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As summer transitions to fall, quick! Boil water

If there’s a season for pasta, this is surely it

Winter is for soups and stews. Spring is for salad. Summer is for anything with tomatoes in it. But fall, fall is for pasta.

Sure, you can eat pasta every time of year (and trust me, I do ... when I’m not eating pizza). But especially right now—when the days are just starting to turn cooler, and farmers bring the last of their summer crops to market with the first of their crisp greens and root vegetables—is perfect for easy dishes that start with some kind of noodle.

Right now at market, we’re seeing early fall veggies like radishes, sweet salad turnips, and lettuces coming in. Figs, muscadines, field peas, and green beans are fading. Okra, eggplant, and winter squash still seem to be going strong.

It’s hard for me to resist cooking pasta for every meal. Pasta is the logical solution for the random combinations of produce that collect in my fridge right now. It's the Universal Carb that pulls it all together. Red peppers and winter squash? Sounds perfect with whole wheat penne. Arugula and green beans—wouldn’t that be great with some linguine? Cabbage and radishes? OK, I’m sautéing those with onions and cumin, and tossing with toasted couscous. Maybe I’ll add some golden raisins.

You don't really need a recipe. Just cook the veggies, cook the pasta, and toss together. Add some pesto or olive oil if you want. Add some cheese and/or herbs if you want. Done.

Just in case you need more prompting, here are a couple of recipes to get you started.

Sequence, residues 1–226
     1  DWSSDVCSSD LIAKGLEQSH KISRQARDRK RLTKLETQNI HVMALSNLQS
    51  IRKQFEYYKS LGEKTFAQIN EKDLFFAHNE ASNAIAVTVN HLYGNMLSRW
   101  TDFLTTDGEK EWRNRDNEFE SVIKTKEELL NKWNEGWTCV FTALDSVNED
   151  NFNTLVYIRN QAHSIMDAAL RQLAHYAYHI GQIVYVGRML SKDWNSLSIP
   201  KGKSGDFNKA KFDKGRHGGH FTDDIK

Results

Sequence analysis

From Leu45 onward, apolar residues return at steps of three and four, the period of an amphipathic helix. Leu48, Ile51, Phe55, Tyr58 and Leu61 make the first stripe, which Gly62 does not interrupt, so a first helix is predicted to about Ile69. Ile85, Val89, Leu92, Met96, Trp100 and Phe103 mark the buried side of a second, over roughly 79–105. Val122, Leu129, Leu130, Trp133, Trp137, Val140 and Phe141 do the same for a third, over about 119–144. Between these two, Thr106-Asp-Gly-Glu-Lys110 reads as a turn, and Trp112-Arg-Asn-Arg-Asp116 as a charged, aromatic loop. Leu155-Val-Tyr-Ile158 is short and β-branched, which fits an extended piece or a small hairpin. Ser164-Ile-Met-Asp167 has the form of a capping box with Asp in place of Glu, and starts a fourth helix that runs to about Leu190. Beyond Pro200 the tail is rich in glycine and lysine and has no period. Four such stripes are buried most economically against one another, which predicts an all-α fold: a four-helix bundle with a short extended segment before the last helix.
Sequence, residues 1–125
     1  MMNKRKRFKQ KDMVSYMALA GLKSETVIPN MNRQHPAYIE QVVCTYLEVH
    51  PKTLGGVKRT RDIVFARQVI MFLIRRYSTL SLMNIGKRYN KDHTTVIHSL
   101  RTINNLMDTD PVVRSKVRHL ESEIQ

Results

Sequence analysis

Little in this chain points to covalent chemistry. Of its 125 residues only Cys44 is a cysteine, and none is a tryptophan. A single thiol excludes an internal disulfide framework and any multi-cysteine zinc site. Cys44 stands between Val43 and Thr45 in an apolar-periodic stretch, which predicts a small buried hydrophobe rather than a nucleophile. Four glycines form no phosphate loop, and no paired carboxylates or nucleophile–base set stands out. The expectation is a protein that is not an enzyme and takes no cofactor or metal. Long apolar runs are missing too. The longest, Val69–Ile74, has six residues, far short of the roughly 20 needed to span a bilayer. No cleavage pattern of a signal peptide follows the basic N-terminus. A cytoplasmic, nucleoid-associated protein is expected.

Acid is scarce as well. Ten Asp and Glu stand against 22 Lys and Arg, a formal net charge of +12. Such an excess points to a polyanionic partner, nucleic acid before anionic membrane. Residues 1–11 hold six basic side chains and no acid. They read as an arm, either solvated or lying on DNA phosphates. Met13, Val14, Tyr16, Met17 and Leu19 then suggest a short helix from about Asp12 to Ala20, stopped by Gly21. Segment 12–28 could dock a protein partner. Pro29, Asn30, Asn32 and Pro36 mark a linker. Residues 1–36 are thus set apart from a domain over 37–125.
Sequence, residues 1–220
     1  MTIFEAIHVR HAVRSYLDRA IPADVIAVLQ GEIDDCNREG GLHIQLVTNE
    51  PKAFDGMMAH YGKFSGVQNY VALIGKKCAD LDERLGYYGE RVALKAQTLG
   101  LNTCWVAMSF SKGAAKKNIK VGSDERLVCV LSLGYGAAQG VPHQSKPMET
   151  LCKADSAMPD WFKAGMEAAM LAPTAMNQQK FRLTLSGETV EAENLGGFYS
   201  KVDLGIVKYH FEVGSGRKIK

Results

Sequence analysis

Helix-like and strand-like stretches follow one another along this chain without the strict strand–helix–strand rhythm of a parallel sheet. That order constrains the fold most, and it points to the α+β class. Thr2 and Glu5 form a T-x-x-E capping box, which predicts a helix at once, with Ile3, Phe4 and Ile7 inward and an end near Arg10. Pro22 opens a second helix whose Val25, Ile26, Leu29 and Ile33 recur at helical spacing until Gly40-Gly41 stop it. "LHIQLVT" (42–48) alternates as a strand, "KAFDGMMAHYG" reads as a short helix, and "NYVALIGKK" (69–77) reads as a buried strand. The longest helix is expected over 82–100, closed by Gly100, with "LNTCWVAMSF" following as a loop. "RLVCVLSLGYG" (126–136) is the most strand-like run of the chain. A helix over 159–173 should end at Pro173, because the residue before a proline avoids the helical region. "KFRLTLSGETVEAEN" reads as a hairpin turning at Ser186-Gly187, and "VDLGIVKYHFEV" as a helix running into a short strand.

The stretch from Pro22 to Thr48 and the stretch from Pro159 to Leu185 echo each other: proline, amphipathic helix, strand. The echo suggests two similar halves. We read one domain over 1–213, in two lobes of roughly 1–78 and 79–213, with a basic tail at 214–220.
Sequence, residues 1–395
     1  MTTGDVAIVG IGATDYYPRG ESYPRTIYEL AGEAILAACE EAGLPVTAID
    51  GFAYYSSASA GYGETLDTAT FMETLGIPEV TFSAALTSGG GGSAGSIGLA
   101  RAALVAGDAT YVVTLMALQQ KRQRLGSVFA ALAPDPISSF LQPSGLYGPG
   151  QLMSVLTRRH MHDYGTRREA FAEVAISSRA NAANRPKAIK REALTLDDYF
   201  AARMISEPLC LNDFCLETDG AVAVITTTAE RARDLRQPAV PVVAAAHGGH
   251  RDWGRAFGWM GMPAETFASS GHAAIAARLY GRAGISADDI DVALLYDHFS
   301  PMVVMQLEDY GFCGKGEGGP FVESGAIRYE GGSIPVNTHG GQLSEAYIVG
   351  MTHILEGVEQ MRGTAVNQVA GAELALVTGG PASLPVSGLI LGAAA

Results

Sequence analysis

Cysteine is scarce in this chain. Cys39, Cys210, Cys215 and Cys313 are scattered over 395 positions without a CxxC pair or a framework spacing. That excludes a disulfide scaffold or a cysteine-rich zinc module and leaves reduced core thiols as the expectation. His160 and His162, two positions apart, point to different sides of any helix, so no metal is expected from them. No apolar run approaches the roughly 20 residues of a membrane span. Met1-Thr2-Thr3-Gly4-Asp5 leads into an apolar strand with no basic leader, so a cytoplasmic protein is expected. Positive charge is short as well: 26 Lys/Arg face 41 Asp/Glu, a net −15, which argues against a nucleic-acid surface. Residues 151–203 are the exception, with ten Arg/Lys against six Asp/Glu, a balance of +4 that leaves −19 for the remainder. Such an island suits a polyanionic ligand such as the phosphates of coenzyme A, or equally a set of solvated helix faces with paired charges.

Penne with Grilled Butternut Squash and Red Pepper
Adapted from The Vegetarian Grill by Andrea Chesman

Serves 4

1 red bell pepper
1 medium butternut squash (about 1 pound)
2 tablespoons olive oil
3 cloves garlic, minced
1 teaspoon chopped fresh sage
1 pound penne
1/3 cup dry white wine
1 cup crème fraiche
½ cup grated Parmesan cheese
Salt and black pepper

On the stove, start a large pot of salted water to boil. Preheat the grill. Add the bell pepper to the grill and char on all sides. Set aside until cool enough to handle, then rub off charred skin, remove stem and seeds, and slice into strips. Set aside.

Meanwhile, peel the squash, cut in half horizontally, remove the fibers and seeds, and cut into ½-inch cubes. Steam over boiling water until barely fork-tender, about 7 minutes. Transfer to a mixing bowl and toss with the olive oil, garlic, sage and ¼ teaspoon salt. Grill on a lightly oiled vegetable grill rack until tender and grill-marked, about 8 minutes.

Cook the pasta al dente. Drain.

In a saucepan on the stove, bring the wine to a boil and boil for 1 minute. Add the crème fraiche, squash and red pepper. Stir in the pasta and Parmesan. Season to taste with salt and pepper.

Spinach and Eggplant with Green Tomatoes and Feta
Adapted from “The Best 125 Meatless Pasta Dishes” by Mindy Toomay and Susann Geiskopf Hadler.

4 to 6 servings

1 large bunch fresh spinach
5 tablespoons olive oil, divided use
2 small globe eggplants, or 2 Japanese eggplants (about 1 ½ pounds), cut into uniform 1/2-inch pieces
½ teaspoon salt
2 small green tomatoes, chopped
3 cloves garlic, chopped
1/4 teaspoon fresh chopped rosemary
1 tablespoon drained capers
8 ounces feta cheese, cubed
2 tablespoons lemon juice
Salt and pepper to taste
12 ounces orzo

Bring a few cups of water to boil in your pasta pot. Wash the spinach, then add to the boiling water. Cook until it wilts, about 1 minute. Remove, shock in a bowl of ice-cold water, drain, the coarsely chop. Set aside.

Fill the pasta pot with a few quarts of water and return to boil. Add the orzo, cook until just tender, and drain. Set aside.

Meanwhile, in a large sauté pan, heat ¼ cup olive oil on medium-high heat. Add the eggplant and salt. Cook for 10 minutes, push to one side of the pan, and add the green tomato, garlic and rosemary. Cook until eggplant and green tomatoes are tender, about 5 minutes more. Add spinach and capers to warm, then turn off the heat. Stir in the drained orzo, feta, and lemon juice, and season to taste with pepper and more salt, if needed.